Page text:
Pee, Pools, and Instrumenting Security: The Importance of Finding Out What You'd Rather Not Know

People pee in pools. We know this. Now we know (ewww) how much.

A Canadian study published Wednesday in Environmental Science & Technology Letters found that the typical large public pool contains roughly 75 liters of human urine. That’s not a typo. Seventy-five.

Besides being gross, urine and chlorinated water react to form cyanogen chloride: a substance classified as a chemical warfare agent banned by the 1928 Geneva Protocol. Luckily, even 75 liters of pee won’t produce enough CNCl to hurt you (much); daily swimmers and pool workers are more likely to suffer from asthma, but otherwise, you’re probably going to be OK.

The researchers analyzed water from 31 pools for acesulfame-K (ACE), a synthetic sweetener that’s in lots of processed foods and stable enough to pass through into urine. From 250 samples, researchers computed that there are about 75 liters of pee in a typical public pool, which is usually just 1/3 the size of an Olympic pool. Concentrations ranged up to 7,110 nanograms per liter: that’s 570 times the levels of acesulfame-K typically found in tap water. Hot tubs were especially nasty; one hotel bubbler had three times the ACE concentration found in the most contaminated pool they sampled.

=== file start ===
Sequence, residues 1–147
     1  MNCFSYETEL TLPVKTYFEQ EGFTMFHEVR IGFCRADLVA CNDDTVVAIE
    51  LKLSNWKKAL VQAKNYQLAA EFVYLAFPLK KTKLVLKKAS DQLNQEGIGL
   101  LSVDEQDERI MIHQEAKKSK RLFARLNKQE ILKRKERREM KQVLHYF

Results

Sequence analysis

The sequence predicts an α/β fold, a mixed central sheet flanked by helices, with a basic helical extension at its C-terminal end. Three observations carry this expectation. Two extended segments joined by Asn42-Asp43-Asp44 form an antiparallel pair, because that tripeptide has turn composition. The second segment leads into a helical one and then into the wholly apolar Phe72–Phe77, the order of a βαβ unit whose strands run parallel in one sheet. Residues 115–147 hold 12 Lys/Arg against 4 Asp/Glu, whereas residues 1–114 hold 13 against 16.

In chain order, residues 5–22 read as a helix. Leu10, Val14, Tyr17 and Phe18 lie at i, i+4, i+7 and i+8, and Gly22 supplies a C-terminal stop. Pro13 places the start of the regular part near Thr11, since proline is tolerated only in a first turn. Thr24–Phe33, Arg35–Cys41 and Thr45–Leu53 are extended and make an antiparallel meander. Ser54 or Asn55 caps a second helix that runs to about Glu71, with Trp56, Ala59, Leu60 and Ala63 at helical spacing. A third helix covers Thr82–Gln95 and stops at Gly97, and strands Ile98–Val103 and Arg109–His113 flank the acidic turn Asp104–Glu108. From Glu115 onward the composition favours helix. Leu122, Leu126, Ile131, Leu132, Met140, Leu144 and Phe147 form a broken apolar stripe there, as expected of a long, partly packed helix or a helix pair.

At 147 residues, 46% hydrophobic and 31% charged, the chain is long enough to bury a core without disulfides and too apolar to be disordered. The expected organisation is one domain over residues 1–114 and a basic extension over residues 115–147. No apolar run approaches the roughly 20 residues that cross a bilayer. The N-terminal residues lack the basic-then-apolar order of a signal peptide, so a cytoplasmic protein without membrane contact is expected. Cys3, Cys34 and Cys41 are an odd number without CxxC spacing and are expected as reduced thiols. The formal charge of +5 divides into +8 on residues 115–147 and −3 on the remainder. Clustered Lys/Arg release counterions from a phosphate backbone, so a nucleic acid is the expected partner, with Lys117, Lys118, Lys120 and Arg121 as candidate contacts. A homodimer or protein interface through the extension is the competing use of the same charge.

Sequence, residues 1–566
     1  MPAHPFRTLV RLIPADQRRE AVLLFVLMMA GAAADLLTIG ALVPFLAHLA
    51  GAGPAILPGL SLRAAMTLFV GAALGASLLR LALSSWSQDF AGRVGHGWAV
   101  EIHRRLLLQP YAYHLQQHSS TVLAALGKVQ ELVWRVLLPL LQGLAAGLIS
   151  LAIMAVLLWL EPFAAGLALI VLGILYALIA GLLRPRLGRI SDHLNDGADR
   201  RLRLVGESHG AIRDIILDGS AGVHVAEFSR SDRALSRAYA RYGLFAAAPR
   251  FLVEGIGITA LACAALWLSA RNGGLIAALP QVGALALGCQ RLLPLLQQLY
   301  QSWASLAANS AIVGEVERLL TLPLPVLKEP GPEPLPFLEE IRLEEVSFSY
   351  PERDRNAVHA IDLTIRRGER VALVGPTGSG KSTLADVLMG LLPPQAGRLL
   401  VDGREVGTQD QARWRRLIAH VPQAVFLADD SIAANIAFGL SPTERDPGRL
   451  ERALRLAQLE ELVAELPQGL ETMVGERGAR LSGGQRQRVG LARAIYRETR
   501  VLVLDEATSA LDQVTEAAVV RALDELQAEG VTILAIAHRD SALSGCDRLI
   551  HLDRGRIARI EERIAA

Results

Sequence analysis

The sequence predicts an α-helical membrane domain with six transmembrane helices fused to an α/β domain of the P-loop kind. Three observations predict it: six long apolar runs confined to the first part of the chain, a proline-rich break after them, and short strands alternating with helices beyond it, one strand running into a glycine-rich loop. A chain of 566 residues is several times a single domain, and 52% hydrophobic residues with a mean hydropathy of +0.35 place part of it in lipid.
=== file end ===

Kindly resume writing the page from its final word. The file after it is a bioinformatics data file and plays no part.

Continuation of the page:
What in the world does this have to do with Security Instrumentation? I’m so glad you asked.

Too often, as modern office professionals, we assume that things are “just fine” with our pool – our network. We assume our “pool managers” are taking care of things, putting in lots of magic pee-destroying chemicals (made from unicorn horns) and that there couldn’t possibly be that much pee in network pool. But that’s almost never the case. In fact, once you’ve peed in a pool, it’s mostly there to stay: “It’s not uncommon for water in a pool to go unchanged for years,” Ernest Blatchley III, an environmental engineer at Purdue told NPR. Pool owners tend to simply add more water, which is cheaper than draining and refilling. Enterprise networks, unfortunately, are pretty analogous. We tend to just keep making them bigger and “pouring in more chlorine” (buying more security software/boxes) – which doesn’t actually solve the real problem… and in some cases, actually makes things worse.

For Verodin (and for you, out there, as security professionals) a lot of what we do is finding things your clients wish you hadn’t found. We also have the unenviable task of delivering the bad news to power. Probably least pleasant of all: we security pros have to be the “naggers” that keep telling our kids not to pee in the pool in the first place.

But we can’t just go on assuming that “everything’s cool”. It’s not. In fact, it never is. In virtually all Verodin proofs-of-concept, we find serious security control problems that our clients didn’t know about before we arrived on the scene.

The only way to make quantitative improvements in network security is by using empirical data derived from security instrumentation. So: use Verodin. Look. Test. And communicate what, precisely, you’ve found. It might not be fun news, but in the long run, you’ll be happier (and healthier) for it.

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